The moment Russia fell from power


It is a rule in international relations: when a country falls from power attempts to weaken it come, further, from all sides. This is what is currently happening to Russia.

Russian Leader Vladimir Putin’s miscalculated attempt to invade Ukraine has brought about the erosion of “Russian influence” in various parts of the world. For example, at the Shanghai Cooperation Organization summit, leaders of the two most populated and influential countries in the world, China and India, gave a clear message to Russian leader Putin: “Stop the war now.” This shows that Moscow could not convince even the countries close to it of a possible Russian victory in Ukraine.

Another clear example of Russia’s weakening is in the Caucasus. The conflict that started between Azerbaijan and Armenia in Nagorno-Karabakh resulted in a ceasefire overseen by Russia in 2020. This truce, which was in a delicate balance, broke when Russia faltered in the Ukraine war.

Interestingly, the USA mobilized in this region after the ceasefire. US Secretary of State Blinken said, after meeting with his Turkish counterpart Mevlüt Çavuşoğlu in New York, that he had “discussed US efforts to solve the problem in the South Caucasus” with Çavuşoğlu. However, in the Azerbaijan-Armenia war in 2020, when Moscow oversaw mediation, the influence of the US was not visible.

The visit by US House of Representatives Speaker Nancy Pelosi to Armenia should be read from this perspective. The Washington administration has obviously mobilized itself to break down the Russian influence in the Caucasus and to foment American influence.

These developments may have critical consequences for Turkey, which is another “playmaker” country in the Caucasus. What stance will Ankara will take against the US’s Caucasian move? This will affect both Turkish-American relations and Turkish-Russian relations.


Of course, we must also include the partial mobilization announcement by Russian president Vladimir Putin.

Putin’s attempt to implement the strategy he successfully oversaw in Crimea in the Donbas, and to bring the Donetsk, Luhansk, Kherson, and Zaporizhia regions under the control of Russian forces, through a referendum does not seem to be going to plan.

If things were going the way Moscow wanted in Ukraine, would Putin call in 300,000 reservists? It should also be emphasized that Putin also has now called the Ukraine war “a war between Russia and the West,” rather than a military operation. The Russian leader even felt the need to play the nuclear weapons card, saying that his country could “use any means at its disposal” in this war. Putin’s implication that he may resort to nuclear weapons, which means mutual annihilation and should be seen as a last resort, is a very dangerous escalation, but also a sign of failure.


We can see Putin’s experience in Russia as a different version of that experienced by the AK Party government in Turkey. The use of foreign policy to gather votes at home, the spurious speeches, and the exaggerated statements that have abandoned diplomacy have all made Turkey a “lonely” country on a global scale.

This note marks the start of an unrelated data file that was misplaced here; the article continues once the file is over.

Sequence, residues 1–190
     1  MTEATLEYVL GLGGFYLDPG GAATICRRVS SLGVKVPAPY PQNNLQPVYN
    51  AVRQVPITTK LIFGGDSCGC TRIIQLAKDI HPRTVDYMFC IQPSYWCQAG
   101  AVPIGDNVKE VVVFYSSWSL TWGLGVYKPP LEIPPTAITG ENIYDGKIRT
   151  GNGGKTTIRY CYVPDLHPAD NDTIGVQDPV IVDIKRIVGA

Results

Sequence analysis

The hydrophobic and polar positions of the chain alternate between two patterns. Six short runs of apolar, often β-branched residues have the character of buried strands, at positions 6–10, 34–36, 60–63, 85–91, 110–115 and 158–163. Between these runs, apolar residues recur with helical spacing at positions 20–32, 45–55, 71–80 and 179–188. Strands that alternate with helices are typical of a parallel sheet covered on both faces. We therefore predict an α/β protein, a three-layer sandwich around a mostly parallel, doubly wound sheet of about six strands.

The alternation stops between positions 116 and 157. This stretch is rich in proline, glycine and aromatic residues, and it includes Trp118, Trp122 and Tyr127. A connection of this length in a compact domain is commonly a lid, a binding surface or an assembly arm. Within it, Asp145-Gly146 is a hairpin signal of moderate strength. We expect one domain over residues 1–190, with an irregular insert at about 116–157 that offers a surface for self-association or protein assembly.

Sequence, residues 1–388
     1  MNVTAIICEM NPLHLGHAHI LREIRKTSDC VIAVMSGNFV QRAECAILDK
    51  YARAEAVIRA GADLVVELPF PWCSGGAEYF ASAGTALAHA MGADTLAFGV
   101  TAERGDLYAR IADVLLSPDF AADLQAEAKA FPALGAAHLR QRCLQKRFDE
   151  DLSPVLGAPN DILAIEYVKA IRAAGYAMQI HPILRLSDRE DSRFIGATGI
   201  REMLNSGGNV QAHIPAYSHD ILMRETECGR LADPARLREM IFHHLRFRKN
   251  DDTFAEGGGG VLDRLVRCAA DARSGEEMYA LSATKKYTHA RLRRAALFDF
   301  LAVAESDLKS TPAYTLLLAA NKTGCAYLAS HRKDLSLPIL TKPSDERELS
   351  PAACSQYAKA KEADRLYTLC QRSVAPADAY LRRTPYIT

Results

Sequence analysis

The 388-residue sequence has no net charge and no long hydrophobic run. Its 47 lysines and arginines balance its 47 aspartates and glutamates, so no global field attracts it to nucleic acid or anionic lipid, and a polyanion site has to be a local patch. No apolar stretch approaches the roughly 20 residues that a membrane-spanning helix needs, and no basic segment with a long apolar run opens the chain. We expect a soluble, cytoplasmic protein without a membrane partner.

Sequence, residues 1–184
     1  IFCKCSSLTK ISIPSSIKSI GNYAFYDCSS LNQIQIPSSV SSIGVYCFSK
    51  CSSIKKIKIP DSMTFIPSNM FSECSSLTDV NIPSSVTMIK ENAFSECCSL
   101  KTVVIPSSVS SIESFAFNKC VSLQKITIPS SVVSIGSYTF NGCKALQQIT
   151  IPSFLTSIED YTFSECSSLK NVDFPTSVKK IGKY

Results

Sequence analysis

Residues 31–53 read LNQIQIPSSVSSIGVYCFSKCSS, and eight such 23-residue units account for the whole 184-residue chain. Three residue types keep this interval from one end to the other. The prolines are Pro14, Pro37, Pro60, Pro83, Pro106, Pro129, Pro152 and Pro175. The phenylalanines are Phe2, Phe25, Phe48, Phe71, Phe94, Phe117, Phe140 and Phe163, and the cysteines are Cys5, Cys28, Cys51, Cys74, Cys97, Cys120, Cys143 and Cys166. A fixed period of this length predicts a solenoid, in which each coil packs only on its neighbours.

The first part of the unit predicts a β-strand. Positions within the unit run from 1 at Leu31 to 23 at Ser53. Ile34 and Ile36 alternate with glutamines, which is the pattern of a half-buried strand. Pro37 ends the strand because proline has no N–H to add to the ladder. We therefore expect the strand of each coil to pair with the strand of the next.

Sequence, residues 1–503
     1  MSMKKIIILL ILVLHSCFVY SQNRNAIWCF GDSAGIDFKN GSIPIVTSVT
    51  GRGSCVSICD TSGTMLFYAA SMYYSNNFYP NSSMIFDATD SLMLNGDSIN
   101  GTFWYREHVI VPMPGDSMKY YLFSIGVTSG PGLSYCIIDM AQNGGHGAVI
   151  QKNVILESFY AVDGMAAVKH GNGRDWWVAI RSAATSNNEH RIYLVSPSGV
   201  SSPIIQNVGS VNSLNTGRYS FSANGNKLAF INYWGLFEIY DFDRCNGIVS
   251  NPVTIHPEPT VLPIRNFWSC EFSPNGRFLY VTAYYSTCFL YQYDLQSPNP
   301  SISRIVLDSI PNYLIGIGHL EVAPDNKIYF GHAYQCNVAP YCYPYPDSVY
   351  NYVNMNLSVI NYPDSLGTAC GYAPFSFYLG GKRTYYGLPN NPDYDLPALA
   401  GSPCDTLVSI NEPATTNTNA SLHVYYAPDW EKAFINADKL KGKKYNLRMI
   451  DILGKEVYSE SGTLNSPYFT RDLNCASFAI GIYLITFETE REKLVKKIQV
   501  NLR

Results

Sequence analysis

However, this is not a positive thing, as some AK Party officials describe it. As a matter of fact, the AK Party government have seen the worthlessness of loneliness, and has been making moves to correct it. Reconciliation steps with Israel, Arab countries, and Syria should be viewed from this perspective.

However, no amount of steps forward can reverse the damage of the steps you took back.

From this point of view, it is possible to say that the Greek government has benefited the most from the foreign policy mistakes made by the AK Party government, especially in recent years. At a time when Turkey was alone in a diplomatic sense, Greece managed to garner the support not only of the European Union, but also the Washington administration, in matters in the Aegean.

Loneliness also negatively affected Turkey’s defense. While Turkey was excluded from the much-needed 5th generation fighter jet project, it now has to request aircraft from the USA, even for 4th generation aircraft. Athens received the modernization of the F-16 warplanes, which Turkey has “requested” but still not received from the US. Two modernized F-16 aircraft were delivered to Greece last week. The Greeks, who bought a Rafael plane from France, are now after the F-35 fighter jets. It look like they’ll get that too.

This means that air superiority in the Aegean has changed in favor of Greece. And that’s not all.  Last week, the US signed an unfortunate declaration for Turkey, this time regarding the Greek part of Cyprus. The American arms embargo against the Greek Cypriot Administration was officially lifted.

A symbolic photograph of Turkey’s loneliness emerged during President Erdogan’s stroll in Central Park. Erdogan was in New York, but all the world leaders he wanted to meet were in London for Queen Elizabeth’s funeral.

Whether symbolic or diplomatic, everything experienced by Turkey as of late shows that Turkey lies alone in the international arena.

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